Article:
Many studies have shown that Bangladesh’s road system is totally inadequate for the traffic it carries, but shortage of funds and corruption have left many major highways, especially in rural regions, in a state of disrepair. In monsoon season, roads and bridges are washed away, and traffic faces long detours. The Khulna-Kushtia highway takes a heavy pounding from overloaded trucks. I don’t know if there’s a law on the books about weight limits, but if there is it’s almost never enforced. There are definitely no weigh stations on the Khulna-Kushtia road, and if there were, a few hundred taka ($1 = 80 taka) would likely ensure the right of passage. Trucks are piled high with bricks, building materials and agricultural produce, lashed down with ropes; often the tailgate is left down, so that the load hangs a foot or so off the back of the bed. Because they are loaded so high, the center of gravity shifts upward, making the truck liable to keel over if the driver turns sharply to avoid oncoming traffic. We saw a couple of trucks lying on their sides on the road bank and another jacked up with its cargo precariously leaning to the left. We saw no accidents but the statistics are horrible, with an average of 17 deaths a day on the country’s roads.
This highway is particularly crowded because at the city of Jessore, about midway between Khulna and Kushtia, it joins the east-west road from the border with India at Petrapol. Bangladesh imports coal, petroleum and other goods, including cars, from India, and exports textiles and agricultural goods. The coal, from the mines of Bihar and West Bengal, is off-loaded at rail junctions where laborers transfer it to railroad cars that transport it to power stations and manufacturing plants. Some goes to fire the large brick kilns that line the southern section of the highway from Jessore to Khulna. Khulna Division is still primarily an agricultural region where the rich alluvial soil deposited from the rivers provides good arable land. With ample water supply, it’s a major rice-growing region with paddies stretching far into the distance; fruit, vegetables and peanuts are also grown. Its most important cash crop is shrimp, raised in fresh and saltwater ponds; along the road we saw blue nets stretched across the ponds and small fields of red—harvested shrimp drying in the sun.
Every few miles, the agricultural landscape gives way to industry, with the tall chimneys of the brick kilns, cement plants and vast factories with rows and rows of workers’ bicycles parked outside. The small-scale industry consists of sawmills with stacks of logs on the roadside ready to be cut and planed by hand. The finished products—wooden beds, tables and chairs—are displayed outside. Most of the lumber, I was told, comes from private plantations, but some is illegally logged in the Sundarbans, the delta area that has the largest continuous mangrove forest in the world (two thirds in Bangladesh, one third in India) and is home to deer, wild boar, otter, saltwater crocodiles, river dolphins and the last surviving Bengal tigers. Officially, it’s a protected area, but its vastness and lack of roads make it difficult to police.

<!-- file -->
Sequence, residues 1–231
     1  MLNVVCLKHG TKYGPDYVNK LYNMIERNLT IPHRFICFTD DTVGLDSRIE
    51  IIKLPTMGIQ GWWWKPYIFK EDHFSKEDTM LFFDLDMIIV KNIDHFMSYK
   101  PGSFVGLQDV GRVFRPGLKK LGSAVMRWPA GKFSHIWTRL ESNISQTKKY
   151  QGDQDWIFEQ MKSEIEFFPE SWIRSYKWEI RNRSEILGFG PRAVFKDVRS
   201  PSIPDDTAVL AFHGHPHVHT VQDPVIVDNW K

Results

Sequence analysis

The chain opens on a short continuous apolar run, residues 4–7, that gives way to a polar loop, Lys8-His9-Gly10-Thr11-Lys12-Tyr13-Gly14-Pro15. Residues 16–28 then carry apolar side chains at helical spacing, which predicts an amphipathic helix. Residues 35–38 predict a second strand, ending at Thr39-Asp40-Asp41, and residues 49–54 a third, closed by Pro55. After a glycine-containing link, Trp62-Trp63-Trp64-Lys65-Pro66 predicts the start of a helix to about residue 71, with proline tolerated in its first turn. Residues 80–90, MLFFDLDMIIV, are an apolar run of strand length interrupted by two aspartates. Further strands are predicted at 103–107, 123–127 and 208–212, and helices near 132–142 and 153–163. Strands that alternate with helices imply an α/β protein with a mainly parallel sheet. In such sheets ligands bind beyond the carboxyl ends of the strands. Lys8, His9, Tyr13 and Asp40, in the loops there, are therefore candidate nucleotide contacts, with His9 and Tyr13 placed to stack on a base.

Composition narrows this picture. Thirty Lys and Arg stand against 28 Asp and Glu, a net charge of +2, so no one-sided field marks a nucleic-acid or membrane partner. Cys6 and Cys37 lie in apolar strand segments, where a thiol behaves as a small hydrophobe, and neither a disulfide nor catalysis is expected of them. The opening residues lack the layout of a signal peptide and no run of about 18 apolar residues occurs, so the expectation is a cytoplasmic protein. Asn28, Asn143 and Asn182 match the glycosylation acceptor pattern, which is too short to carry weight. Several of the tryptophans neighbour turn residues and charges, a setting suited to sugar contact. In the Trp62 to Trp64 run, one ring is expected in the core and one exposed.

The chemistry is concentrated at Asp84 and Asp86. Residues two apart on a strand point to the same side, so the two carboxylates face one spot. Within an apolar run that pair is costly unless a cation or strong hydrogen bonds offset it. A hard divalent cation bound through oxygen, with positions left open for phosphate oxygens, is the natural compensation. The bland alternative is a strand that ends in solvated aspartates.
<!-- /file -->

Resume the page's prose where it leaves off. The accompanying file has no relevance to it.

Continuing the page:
Khulna, where we stayed overnight after a visit to the university, is an old river port and industrial city. It used to be a center of the jute industry, but today shrimp is its major export. With a population of just over one million, it’s the third largest city in Bangladesh, but it’s a distant third; Dhaka has a population of 17.5 million and Chittagong, the major port on the Bay of Bengal, 4.5 million. But it’s still a noisy bustling place, crowded with trucks, buses, auto rickshaws and cars, and the usual traffic congestion. I was happy that the windows at the City Inn closed tightly.
From UNICEF’s perspective, there’s a lot to do in western Bangladesh. Poverty rates are high, and many children suffer from poor nutrition. Overall, the country has improved its maternal and childhood mortality rates, but some districts in Khulna Division lag behind. Many children work in agriculture and small industry, so child labor is an issue. On the other hand, why would parents send their children to school when the quality of primary education is poor and the poorly-paid teachers sometimes don’t show up? The government’s failures to provide education, health and social services have created needs which are partly filled by development agencies and by the mosques which operate madrassas. As in other Muslim-majority regions, girls are often married off in their teens. It’s a social norm that’s hard to break (although UNICEF is trying) but it’s also driven by economics; marrying your daughters early reduces dowry amounts and the number of mouths to feed. I’ve been told there are also training camps in the region where young Muslim men are radicalized and then sent to Iraq or Syria. At the Islamic University of Kushtia, which has a large department of religious studies, I tried to tread carefully in my discussions with faculty members. But I need not have worried—they were typical academics, contemptuous of all authority. I would have likely faced more hostility from the motorcycle gang we passed on the road near Jessore, waving red flags. The region, like its Indian neighbor West Bengal, is a stronghold of the Communist Party. I thought they all looked rather revolutionary chic—sooooo Che Guevara—with their red bandanas embossed with the hammer and sickle. But I was not about to stop and commend them on their sense of fashion.